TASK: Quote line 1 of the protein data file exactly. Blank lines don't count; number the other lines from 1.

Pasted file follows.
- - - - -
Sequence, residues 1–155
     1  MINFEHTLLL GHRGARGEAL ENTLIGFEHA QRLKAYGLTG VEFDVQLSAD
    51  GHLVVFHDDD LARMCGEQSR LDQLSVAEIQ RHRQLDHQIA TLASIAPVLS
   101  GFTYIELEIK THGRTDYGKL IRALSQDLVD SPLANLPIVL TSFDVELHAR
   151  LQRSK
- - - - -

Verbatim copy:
Sequence, residues 1–155